Brown Beef Stock/Brown Beef Bone Broth
...from the kitchen of One Perfect Bite inspired by Martha Stewart

4 pounds beef neck bones (knuckle and shin can also be used)
3 pounds beef marrow bones
1 pound beef stew meat cut in 2-inch pieces (optional, but nice)
3 tablespoons vegetable oil
2 tablespoons tomato paste
2 onions, unpeeled and quartered
2 celery stalks, each cut into thirds
2 carrots, peeled and cut into 2-inch pieces
4 garlic cloves, unpeeled and crushed
1 cup water or red wine
6 sprigs flat-leaf parsley
4 sprigs thyme
2 dried bay leaves
2 teaspoons whole black peppercorns

1) Heat oven to 400 degrees.
2) Arrange bones and stew meat in a single layer in a large, heavy roasting pan. Drizzle with oil and turn to coat. Roast, turning once and stirring often for even browning, until beginning to brown, about 45 minutes. Remove from oven, add tomato paste, and stir to combine. Cook over medium heat for about 30 seconds (to let it brown a little, which cooks out some of the acidity and intensifies the sweetness), then add vegetables, stirring well. Return to oven and roast until vegetables are browned and tender and bones are deeply browned, about 40 minutes.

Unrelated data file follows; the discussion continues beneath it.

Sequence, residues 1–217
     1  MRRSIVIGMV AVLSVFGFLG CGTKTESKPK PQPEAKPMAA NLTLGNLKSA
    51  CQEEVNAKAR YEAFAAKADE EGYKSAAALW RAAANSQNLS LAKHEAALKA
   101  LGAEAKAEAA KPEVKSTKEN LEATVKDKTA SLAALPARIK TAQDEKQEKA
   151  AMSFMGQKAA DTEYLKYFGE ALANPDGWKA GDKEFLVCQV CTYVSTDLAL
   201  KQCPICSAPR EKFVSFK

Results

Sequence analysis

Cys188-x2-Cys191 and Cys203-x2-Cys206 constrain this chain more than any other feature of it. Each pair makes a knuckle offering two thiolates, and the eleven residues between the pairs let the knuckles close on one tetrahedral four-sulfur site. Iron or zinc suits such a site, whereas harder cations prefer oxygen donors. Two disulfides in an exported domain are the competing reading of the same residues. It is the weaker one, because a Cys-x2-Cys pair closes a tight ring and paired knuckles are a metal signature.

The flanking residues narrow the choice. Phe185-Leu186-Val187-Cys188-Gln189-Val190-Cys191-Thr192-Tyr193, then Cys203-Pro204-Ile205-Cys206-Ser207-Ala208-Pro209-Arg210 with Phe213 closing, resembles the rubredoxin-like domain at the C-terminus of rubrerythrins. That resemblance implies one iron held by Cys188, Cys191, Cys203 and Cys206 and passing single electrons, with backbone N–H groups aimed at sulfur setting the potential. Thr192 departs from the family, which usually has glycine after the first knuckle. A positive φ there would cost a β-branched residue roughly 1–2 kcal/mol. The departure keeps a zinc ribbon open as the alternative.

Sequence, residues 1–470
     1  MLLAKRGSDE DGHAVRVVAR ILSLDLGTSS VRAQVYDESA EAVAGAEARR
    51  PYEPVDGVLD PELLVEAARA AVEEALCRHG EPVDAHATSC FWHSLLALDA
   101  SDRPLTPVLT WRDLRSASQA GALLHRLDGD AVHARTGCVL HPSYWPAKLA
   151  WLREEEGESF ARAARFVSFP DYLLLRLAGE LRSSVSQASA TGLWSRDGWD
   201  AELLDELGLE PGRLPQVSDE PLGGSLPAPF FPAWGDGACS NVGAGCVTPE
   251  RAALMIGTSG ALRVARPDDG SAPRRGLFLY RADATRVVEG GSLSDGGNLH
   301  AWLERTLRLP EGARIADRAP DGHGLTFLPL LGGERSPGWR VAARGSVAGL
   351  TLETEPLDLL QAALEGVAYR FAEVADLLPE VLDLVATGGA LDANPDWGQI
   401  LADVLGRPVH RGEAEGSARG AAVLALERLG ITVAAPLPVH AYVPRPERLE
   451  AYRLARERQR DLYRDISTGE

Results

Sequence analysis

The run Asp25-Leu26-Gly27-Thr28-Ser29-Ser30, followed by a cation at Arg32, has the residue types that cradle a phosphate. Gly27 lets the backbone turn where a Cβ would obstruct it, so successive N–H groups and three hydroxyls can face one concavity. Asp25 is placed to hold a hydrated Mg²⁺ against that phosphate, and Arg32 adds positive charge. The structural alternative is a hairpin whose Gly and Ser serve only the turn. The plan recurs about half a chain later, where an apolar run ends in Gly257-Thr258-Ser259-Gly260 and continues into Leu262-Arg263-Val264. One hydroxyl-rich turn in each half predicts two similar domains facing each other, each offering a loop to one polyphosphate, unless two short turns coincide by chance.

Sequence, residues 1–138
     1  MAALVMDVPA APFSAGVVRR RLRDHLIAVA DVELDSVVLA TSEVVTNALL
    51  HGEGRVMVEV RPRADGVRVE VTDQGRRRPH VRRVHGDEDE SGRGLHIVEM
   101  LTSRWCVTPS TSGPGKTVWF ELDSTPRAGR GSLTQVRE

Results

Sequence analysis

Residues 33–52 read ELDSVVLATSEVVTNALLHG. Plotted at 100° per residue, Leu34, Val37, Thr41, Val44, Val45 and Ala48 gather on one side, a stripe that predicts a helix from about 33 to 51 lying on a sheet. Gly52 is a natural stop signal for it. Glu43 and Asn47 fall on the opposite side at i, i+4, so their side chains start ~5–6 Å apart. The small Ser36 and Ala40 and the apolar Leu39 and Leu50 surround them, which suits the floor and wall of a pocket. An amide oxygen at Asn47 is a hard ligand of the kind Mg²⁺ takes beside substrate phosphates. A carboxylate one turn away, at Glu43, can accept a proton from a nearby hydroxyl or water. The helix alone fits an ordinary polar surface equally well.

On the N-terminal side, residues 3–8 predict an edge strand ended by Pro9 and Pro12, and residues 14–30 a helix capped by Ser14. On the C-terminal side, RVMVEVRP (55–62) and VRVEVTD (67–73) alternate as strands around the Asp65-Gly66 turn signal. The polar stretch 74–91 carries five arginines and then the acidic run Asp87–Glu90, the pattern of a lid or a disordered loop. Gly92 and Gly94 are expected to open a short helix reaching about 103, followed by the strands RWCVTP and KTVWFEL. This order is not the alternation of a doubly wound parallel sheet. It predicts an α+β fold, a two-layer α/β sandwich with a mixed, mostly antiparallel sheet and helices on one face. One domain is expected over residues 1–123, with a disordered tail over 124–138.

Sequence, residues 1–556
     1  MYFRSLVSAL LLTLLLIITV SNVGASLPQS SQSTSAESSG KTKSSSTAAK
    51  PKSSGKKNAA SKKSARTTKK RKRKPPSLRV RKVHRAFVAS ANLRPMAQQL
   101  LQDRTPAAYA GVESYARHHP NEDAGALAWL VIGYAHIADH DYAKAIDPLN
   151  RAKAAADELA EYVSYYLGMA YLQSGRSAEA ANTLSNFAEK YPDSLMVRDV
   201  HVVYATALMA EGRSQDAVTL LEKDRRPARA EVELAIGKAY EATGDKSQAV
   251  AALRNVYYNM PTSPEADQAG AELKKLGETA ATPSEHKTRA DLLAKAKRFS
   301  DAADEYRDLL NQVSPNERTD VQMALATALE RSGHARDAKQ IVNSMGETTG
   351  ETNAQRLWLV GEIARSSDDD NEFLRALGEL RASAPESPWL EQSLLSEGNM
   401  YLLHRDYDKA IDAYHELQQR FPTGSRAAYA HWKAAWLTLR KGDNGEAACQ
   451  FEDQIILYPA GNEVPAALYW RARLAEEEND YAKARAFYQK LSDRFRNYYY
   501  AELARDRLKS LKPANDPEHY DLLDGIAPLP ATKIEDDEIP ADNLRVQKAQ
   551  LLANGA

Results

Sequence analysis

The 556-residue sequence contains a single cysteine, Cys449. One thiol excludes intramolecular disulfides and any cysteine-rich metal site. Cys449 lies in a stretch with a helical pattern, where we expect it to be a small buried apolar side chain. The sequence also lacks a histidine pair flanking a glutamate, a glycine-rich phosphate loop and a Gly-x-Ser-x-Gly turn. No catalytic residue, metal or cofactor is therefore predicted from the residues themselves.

3) Transfer bones and vegetables to a large stockpot, then spoon off fat from roasting pan and discard. Set pan over two burners. Add water or wine and bring to a boil, scraping up any brown bits from bottom with a wooden spoon. Boil until liquid is reduced by half, about 3 minutes. Pour contents of pan into the stockpot.
4) Add enough water to stockpot to cover bones and vegetables by 2 inches (about 6 quarts). Bring to just under a boil, then reduce heat to a bare simmer (bubbles should just gently break at the surface). Add herbs and peppercorns and very gently simmer, uncovered, over low heat for 8 hours, adding more water as necessary to keep everything submerged.
5) Carefully pour stock through a cheesecloth-lined sieve (do not press on solids) into a large heatproof bowl or another stockpot; discard solids. Stock will be dark brown. Skim off fat if using immediately or let cool completely (in an ice water bath, if desired) before transferring to airtight containers. Refrigerate at least 8 hours to allow the fat to accumulate at the top; lift off and discard fat before using or storing. Yield: 6 quarts.

Cook's Notes
Brown stock can be refrigerated for up to 3 days or frozen for up to 3 months; thaw completely in the refrigerator

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Big Dude said...

Since broth and stock seem to get used interchangeably, I'm glad you cleared this up.


Bone for bone ... so interesting.


Elin Chia said...

Thanks for this write out. Now I get a clearer picture of stock and broth :)